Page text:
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Letter of the Day: Shall we demand reparation from Maroons, too?

Published:Saturday | October 10, 2015 | 10:00 AM

THE EDITOR, Sir:

The recent visit by British Prime Minister David Cameron to Jamaica has once again ignited the issue of reparation in certain quarters.

The proponents of reparation seem to have as the basic premise of their argument the fact that Britain, through the exploits of slavery, and by extension, our natural resources, has almost forever set us back as nation in terms of our own socio-economic development.

Regrettably, some of us tend to forget that small matter of our own ancestors from the West Coast of Africa facilitating the slave trade by capturing millions of our ancestral brothers, sisters and children in exchange for goods of all sorts from those from whom we now seek reparation.

Have there been any calls by us for reparation to be made of the existing African states that participated in the slave trade or indeed other European states such as Portugal, Spain, France and the Netherlands, which were also participants in the proliferation of the slave trade?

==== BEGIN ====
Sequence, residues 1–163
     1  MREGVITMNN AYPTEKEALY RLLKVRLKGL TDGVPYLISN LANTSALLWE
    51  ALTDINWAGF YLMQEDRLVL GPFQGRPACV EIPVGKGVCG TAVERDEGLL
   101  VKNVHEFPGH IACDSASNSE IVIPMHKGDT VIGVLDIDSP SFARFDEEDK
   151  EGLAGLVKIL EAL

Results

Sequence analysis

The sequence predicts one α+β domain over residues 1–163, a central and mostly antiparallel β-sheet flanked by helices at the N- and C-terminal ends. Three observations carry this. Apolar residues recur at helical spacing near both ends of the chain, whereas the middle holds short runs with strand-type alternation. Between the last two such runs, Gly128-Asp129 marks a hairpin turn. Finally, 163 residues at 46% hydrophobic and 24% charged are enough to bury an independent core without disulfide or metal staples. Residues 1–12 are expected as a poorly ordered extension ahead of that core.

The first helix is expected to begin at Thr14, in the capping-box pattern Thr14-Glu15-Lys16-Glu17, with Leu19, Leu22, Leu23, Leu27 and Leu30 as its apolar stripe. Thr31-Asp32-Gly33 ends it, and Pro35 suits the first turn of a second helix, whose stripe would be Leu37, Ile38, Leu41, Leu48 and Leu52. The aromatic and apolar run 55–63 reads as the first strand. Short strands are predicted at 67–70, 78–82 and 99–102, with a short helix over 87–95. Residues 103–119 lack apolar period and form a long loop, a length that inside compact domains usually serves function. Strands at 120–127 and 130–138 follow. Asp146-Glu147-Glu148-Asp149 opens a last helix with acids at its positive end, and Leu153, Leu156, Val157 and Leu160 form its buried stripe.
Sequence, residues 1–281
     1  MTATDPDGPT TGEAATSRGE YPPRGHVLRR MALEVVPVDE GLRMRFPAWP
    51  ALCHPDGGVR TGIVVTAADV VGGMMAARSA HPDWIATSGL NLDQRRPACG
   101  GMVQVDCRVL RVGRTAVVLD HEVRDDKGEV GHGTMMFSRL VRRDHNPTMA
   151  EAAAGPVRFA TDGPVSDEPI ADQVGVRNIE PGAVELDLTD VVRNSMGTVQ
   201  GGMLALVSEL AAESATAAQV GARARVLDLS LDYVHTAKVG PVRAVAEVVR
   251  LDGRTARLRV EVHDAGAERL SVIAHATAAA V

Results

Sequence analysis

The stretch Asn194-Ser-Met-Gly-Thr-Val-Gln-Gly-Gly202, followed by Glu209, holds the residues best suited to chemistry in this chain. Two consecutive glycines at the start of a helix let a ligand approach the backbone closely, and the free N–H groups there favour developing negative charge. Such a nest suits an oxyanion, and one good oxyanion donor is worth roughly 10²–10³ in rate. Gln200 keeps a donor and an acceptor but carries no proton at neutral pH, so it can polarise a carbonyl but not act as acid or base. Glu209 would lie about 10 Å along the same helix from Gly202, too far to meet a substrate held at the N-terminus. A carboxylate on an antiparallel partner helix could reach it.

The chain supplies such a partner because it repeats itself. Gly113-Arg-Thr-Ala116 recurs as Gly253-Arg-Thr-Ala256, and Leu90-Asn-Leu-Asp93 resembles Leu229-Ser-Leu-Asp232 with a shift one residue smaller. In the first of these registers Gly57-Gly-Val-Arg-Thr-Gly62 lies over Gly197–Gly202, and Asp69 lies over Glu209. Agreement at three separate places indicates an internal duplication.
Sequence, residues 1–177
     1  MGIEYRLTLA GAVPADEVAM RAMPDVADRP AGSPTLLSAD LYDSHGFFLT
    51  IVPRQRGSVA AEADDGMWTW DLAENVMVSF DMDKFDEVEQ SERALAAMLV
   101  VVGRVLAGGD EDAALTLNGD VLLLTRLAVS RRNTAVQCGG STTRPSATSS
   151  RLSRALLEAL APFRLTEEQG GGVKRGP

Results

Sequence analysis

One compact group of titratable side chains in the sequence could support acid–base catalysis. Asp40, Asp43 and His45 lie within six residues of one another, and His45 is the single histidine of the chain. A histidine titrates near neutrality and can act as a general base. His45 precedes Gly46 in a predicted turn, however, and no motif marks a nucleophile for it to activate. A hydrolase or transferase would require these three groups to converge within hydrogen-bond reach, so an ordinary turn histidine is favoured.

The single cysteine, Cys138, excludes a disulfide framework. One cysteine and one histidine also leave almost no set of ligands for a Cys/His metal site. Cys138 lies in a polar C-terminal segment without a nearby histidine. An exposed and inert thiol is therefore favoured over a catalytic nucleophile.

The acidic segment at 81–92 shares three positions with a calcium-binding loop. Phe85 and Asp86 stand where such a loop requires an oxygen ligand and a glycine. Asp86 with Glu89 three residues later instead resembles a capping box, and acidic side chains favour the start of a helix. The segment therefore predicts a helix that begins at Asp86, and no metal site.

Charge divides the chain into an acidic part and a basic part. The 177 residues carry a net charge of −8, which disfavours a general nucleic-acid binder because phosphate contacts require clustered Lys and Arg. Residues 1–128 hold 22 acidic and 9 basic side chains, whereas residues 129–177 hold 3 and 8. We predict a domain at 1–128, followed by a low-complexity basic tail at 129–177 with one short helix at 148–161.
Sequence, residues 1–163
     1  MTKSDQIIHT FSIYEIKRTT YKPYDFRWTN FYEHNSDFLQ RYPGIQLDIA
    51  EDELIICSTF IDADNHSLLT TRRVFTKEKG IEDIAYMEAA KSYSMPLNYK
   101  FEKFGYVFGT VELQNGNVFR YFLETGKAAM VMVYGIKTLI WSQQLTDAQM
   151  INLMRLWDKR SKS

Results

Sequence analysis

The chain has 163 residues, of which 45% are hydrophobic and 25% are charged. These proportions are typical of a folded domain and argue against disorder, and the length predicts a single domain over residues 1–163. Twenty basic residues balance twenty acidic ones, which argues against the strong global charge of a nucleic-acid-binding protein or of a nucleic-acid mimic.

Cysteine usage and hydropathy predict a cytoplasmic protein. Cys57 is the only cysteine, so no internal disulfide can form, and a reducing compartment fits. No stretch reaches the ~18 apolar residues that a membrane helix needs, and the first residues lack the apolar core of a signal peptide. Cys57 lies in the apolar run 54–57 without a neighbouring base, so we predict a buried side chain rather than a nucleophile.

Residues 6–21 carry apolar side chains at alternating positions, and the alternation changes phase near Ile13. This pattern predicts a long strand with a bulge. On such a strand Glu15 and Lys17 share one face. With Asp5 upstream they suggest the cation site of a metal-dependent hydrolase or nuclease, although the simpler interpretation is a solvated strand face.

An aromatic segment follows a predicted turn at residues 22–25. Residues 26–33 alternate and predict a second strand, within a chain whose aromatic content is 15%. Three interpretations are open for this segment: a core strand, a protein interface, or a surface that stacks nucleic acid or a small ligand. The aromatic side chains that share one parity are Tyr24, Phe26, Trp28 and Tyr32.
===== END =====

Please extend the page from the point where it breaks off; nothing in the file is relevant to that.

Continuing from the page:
Since we are at it, why not also call on our own Maroons to give an account as to the role they played in recapturing those slaves who ran away from the plantation and the handing of them back over to their slave masters?

We should not be hypocritical in our argument and I make bold to say that the British prime minister may well be justified in telling us to move on.

A major malady that affects Third World countries like Jamaica is a fixation on the past and a tendency to play the blame game. It is indeed even now typical of how our political parties practise their craft.

The concentration on seeking to expand and grow our economy in the midst of it all seems irrelevant. Instead, as a nation, some of us seem to be content with the British once again sending our black brothers in shackles back to our shores, but this time, instead of construction of plantation houses with appropriate slave quarters, it is the construction of prisons.

The more things change, the more they remain the same. Have we no shame?

PETER CHAMPAGNIE

Attorney-at-law

peter.champagnie@

gmail.com